Gov. Jan Brewer is defending a more than $17 million tax break for two kinds of companies – and only those two.
Brewer on Friday signed legislation spelling out that firms involved in manufacturing and smelting no longer have to pay the state sales tax on electricity and natural gas they purchase. The change, sought by the governor when she gave her State of the State address in January, takes effect later this summer.
Virtually every other firm and individual, however, remains subject to the 5.6 percent levy which generates about $500 million a year.
Brewer said the new law should help Arizona both retain existing jobs and attract new ones, but the governor said just because this legislation is aimed at only a narrow segment of the business community does not mean she does not care about the others.
“We have worked so diligently and so hard during some difficult times in the state of Arizona for the last 5 1/2 years to make Arizona competitive,” she said. “And we've done that for all businesses.”
Brewer, who has boasted of rescuing the state from a $3 billion deficit when she took office in 2009, said Arizona is considered to be among the Top 10 states in the country for job growth. The latest figures from the Department of Administration show the state added 49,100 private sector jobs between February 2013 and a year later.
Those same figures, however, show manufacturing employment actually down by 1,300 over the same period. Sectors of the economy did show growth include 9,800 jobs in retail trade, 9,200 in health care and social assistance and 8,300 in employees at bars and restaurants.
Steve Macias, president of Pivot Manufacturing, said this particular targeted tax break is important to companies like his. Macias, who also chairs the Arizona Manufacturing Council, said it's not so much what the law means to his firm which does contract manufacturing and milling for others. He pegged his company's savings at only a couple of hundred dollars a year.
But Macias said the tax break means a lot to larger manufacturers, “the General Dynamics of the world, guys who make equipment for the solar industry.”
“So, when they attract those guys, I get excited because, to me, those are all potential customers,” he said.
The legislation allows cities to decide whether to keep imposing their own sales taxes on utilities. Counties, however, appear to be out of luck as they have no such ability to opt out.
Brewer, after signing this bill, vetoed a provision in the state budget to reimburse them the $1.3 million they will lose. The governor said holding local government harmless for state tax policy changes “would have set a policy precedent that would undermine future efforts to improve the competitiveness of Arizona's tax code.”
Brewer said singling out manufacturing makes sense, calling it “smart tax reform that will bolster job creation in Arizona.”
“Until today, Arizona was one of only a handful of states that imposed this tax,” she said.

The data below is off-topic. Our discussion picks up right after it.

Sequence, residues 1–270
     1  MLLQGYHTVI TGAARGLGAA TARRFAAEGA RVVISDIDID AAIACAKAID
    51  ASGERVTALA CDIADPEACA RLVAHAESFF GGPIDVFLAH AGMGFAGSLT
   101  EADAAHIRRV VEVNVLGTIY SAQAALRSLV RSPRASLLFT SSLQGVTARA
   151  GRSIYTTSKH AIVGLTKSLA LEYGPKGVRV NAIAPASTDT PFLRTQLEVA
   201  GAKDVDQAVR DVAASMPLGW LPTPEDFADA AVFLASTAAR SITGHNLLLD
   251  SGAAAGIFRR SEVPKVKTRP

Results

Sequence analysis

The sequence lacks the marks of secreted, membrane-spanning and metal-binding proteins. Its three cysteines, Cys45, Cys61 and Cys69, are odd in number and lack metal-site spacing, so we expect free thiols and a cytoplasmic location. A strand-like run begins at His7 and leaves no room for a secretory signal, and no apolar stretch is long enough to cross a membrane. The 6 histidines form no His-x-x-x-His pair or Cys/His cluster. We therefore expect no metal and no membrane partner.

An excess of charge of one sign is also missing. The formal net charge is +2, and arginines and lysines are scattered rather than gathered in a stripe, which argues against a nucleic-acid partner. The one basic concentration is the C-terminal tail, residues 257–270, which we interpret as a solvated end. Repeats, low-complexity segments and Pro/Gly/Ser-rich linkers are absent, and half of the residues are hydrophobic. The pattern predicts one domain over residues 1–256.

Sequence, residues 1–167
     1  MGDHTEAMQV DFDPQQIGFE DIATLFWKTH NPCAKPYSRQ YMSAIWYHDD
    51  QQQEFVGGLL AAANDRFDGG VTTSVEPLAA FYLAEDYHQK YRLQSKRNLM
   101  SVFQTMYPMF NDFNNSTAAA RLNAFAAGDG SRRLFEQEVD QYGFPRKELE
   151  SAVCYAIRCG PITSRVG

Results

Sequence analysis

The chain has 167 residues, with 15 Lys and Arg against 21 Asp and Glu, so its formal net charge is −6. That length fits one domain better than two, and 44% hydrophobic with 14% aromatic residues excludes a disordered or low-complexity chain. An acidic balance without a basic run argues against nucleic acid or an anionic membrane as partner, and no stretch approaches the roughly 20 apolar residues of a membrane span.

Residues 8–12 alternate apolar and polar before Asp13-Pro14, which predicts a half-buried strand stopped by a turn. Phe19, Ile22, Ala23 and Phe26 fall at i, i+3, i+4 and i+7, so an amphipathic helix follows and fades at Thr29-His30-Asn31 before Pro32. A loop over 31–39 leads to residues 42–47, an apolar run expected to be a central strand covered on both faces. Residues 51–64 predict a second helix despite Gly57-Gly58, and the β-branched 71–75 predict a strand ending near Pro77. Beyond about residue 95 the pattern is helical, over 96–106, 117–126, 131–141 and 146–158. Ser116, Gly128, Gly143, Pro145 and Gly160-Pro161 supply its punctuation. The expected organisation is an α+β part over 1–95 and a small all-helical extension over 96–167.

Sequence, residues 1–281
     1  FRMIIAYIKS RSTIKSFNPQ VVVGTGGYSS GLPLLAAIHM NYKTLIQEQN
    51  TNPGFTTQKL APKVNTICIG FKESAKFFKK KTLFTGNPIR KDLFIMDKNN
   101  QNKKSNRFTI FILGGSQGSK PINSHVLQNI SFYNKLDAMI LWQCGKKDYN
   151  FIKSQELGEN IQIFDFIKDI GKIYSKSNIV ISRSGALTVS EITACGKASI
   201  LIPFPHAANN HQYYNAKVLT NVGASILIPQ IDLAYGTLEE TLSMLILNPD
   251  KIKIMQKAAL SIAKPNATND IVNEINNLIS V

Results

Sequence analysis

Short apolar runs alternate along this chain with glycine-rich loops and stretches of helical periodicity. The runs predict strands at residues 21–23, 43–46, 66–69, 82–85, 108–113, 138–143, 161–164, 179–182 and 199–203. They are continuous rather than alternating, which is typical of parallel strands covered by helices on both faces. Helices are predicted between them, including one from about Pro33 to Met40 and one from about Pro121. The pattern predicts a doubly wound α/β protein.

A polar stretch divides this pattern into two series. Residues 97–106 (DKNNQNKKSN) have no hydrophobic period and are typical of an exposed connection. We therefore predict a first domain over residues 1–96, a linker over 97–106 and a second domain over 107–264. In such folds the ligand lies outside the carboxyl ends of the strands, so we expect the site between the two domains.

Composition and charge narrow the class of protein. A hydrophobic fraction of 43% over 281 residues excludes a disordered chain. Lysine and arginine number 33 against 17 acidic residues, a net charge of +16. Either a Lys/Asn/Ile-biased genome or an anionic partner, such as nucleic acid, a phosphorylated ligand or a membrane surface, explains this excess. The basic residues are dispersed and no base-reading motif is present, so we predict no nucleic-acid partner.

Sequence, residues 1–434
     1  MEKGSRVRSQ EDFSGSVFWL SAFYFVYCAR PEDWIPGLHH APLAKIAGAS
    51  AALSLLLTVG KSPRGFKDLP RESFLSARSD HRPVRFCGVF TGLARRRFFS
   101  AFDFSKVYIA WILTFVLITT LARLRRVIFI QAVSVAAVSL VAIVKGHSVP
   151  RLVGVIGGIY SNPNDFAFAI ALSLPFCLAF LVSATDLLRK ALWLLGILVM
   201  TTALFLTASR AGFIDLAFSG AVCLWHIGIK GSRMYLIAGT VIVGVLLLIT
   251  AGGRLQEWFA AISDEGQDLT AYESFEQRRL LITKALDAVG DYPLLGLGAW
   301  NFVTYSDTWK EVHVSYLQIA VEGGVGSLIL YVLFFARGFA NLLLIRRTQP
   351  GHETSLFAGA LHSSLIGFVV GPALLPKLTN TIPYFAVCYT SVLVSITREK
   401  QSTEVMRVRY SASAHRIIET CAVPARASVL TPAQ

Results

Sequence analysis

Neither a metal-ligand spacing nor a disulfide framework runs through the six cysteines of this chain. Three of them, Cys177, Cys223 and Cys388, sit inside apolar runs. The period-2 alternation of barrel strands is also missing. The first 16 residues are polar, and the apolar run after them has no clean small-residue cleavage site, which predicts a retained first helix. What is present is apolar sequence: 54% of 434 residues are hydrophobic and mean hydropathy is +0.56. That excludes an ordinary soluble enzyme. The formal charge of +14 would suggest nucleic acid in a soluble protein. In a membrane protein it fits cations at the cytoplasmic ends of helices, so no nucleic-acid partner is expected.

“Ending it removes one more barrier to business expansion and job creation,” Brewer continued. “Eliminating this tax will boost our competitive edge in attracting and expanding manufacturing in our state.”
Glenn Hamer, president of the Arizona Chamber of Commerce and Industry agreed.
“Other states that don't tax electricity for manufacturers are using this to try to keep jobs out of Arizona that would otherwise come here,” he said.
At this point, the Department of Administration estimates that fewer than 6 percent of all workers are employed at firms considered manufacturers.
The other side of the equation, though, is that every tax break means less money flowing into the state treasury, but Brewer said all the tax breaks she has signed since becoming governor are part of a plan.
“And that plan has worked,” she said. “And it will continue to work as long as it is continued out.”
Brewer said new businesses will drive the economy, creating not just construction jobs but also permanent employment and money.
“So, in the end, everybody's ship rises,” the governor said. And Brewer said she intends to continue “to do right by the business community that are the job creators.”
Brewer has signed a series of measures designed to attract more jobs to the state.
That includes a comprehensive package that cuts corporate income tax rates by 30 percent, reduces business property taxes and provides eligible firms with $3,000 tax credits for each new job created. On top of that are a series of property tax breaks which don't affect the state's bottom line but hit local governments.
Then there are special incentives, including a measure awaiting her signature that is crafted to give Apple up to $5 million in income tax credits for building a plant in Mesa to manufacture the special glass for its phones and tablets.
Brewer said all those are having the desired result, even if the state is not back to its pre-recession economy.
Brewer is estimating it will take until 2016 to bring revenues back to where they were a decade earlier. But she said that's "in tune with what we had planned when we began our plotting and our discussions to get Arizona back.''
“So I think everybody in Arizona should be absolutely thrilled of the accomplishments that the Legislature and I have been able to accomplish,” Brewer said.